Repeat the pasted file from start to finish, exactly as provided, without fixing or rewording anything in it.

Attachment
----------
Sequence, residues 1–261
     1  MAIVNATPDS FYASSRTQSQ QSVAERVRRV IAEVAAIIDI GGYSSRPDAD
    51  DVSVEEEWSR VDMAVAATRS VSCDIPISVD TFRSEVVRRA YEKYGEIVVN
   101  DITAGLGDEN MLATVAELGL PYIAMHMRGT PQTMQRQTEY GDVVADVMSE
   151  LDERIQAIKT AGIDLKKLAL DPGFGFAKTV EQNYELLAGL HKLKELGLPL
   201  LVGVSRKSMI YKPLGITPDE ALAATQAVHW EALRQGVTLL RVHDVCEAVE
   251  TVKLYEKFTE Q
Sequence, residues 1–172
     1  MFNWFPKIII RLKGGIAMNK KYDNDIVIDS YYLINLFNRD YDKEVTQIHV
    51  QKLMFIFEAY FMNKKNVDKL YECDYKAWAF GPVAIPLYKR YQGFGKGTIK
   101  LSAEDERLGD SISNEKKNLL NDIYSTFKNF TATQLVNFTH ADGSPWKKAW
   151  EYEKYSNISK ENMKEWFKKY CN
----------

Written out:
Sequence, residues 1–261
     1  MAIVNATPDS FYASSRTQSQ QSVAERVRRV IAEVAAIIDI GGYSSRPDAD
    51  DVSVEEEWSR VDMAVAATRS VSCDIPISVD TFRSEVVRRA YEKYGEIVVN
   101  DITAGLGDEN MLATVAELGL PYIAMHMRGT PQTMQRQTEY GDVVADVMSE
   151  LDERIQAIKT AGIDLKKLAL DPGFGFAKTV EQNYELLAGL HKLKELGLPL
   201  LVGVSRKSMI YKPLGITPDE ALAATQAVHW EALRQGVTLL RVHDVCEAVE
   251  TVKLYEKFTE Q
Sequence, residues 1–172
     1  MFNWFPKIII RLKGGIAMNK KYDNDIVIDS YYLINLFNRD YDKEVTQIHV
    51  QKLMFIFEAY FMNKKNVDKL YECDYKAWAF GPVAIPLYKR YQGFGKGTIK
   101  LSAEDERLGD SISNEKKNLL NDIYSTFKNF TATQLVNFTH ADGSPWKKAW
   151  EYEKYSNISK ENMKEWFKKY CN